PORTLAND, Ore. -- Portland Police Chief Rosie Sizerpresenteda plan drafted with city leaders aimed at improving interactions between police officers and the mentally ill.
The plan calls for several immediate policy implementations in order to better equip police in responses involving people who may be clinically depressed, emotionally unstable or otherwise suffer from a temporary or debilitating mental illness.
Commissioners Amanda Fritz and Dan Saltzman, the civilian police bureau administrator, helped draft the new guidelines.
The police are often the system of last resort, he said, explaining why it's not in the public's interest for his officers to serve double duty. Our police officers are playing an ever increasing role in the management of persons who are experiencing mental crisis.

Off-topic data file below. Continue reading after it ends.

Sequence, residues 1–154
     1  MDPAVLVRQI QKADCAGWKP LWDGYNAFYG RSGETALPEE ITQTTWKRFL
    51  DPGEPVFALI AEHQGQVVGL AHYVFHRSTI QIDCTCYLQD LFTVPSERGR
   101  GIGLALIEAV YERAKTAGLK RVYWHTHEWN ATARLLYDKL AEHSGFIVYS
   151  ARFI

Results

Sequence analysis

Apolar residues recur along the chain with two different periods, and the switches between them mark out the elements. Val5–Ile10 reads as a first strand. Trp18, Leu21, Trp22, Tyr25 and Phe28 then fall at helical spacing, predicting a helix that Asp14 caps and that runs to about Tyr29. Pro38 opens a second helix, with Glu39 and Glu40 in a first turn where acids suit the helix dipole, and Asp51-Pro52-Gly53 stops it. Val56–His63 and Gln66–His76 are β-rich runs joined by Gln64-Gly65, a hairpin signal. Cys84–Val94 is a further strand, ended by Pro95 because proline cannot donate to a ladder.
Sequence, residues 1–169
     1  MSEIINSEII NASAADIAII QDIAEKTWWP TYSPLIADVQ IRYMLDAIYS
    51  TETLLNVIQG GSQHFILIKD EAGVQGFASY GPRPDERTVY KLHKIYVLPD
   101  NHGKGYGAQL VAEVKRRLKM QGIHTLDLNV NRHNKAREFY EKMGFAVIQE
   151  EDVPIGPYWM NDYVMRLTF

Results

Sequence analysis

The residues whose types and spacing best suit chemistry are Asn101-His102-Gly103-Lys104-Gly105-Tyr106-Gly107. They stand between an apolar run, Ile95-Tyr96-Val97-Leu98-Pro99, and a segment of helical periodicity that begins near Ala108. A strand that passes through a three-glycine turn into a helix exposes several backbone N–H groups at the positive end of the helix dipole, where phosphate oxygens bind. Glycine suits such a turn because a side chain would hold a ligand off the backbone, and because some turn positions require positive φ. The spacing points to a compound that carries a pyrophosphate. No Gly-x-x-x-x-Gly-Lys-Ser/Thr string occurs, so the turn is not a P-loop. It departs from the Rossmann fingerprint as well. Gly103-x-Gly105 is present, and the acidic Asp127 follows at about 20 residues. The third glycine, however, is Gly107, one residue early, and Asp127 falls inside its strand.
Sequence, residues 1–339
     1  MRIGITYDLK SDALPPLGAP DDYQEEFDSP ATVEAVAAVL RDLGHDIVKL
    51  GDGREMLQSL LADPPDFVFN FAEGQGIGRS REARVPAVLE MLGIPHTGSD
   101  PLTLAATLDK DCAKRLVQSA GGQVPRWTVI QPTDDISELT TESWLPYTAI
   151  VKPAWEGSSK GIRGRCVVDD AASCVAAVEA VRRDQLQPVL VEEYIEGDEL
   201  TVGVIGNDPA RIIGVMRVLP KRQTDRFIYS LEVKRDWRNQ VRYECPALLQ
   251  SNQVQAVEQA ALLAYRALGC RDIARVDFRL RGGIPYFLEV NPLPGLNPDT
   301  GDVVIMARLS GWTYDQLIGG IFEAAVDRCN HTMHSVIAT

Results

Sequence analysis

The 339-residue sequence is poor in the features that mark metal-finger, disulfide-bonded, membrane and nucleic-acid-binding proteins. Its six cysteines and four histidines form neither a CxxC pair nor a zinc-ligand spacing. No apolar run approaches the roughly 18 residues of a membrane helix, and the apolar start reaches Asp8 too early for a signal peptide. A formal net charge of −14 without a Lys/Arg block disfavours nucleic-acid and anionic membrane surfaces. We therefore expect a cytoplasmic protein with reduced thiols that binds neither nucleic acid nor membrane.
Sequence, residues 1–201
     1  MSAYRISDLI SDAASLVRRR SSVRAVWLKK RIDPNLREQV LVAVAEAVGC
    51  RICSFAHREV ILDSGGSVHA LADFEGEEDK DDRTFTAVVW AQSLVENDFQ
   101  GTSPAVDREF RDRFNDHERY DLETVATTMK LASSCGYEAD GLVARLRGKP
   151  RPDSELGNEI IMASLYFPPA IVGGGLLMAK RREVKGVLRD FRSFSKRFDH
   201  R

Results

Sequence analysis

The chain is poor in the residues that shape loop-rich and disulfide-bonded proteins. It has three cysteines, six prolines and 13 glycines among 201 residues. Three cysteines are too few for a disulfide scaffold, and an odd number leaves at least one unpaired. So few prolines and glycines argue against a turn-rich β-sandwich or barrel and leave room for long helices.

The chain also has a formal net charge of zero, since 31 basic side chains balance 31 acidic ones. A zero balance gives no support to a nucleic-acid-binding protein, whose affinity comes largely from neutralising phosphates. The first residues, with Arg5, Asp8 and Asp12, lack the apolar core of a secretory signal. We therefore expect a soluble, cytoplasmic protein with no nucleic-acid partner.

Ideas for changing Police Bureau policy in responses involving the mentally ill can be traced back to older cases, most notably the in-custody death of schizophrenic James Chasse in 2006.
Saltzman says the current approach is failing.
Quite frankly, the police are often the system of last resort for people who fall through the cracks of the mental health system.
The president of the Portland Police union told KGW that cityleaders were dangerously overestimating the impact a social worker has on potentially violent, disturbed citizens.
That they can say these magical words and have the person stop ... what happens when one of these mental health workers gets assaulted? Sgt. Scott Westerman said.
Sizer and other officals say they're willing to give the changes a try.
KGW Reporter Randy Neves contributed to this report.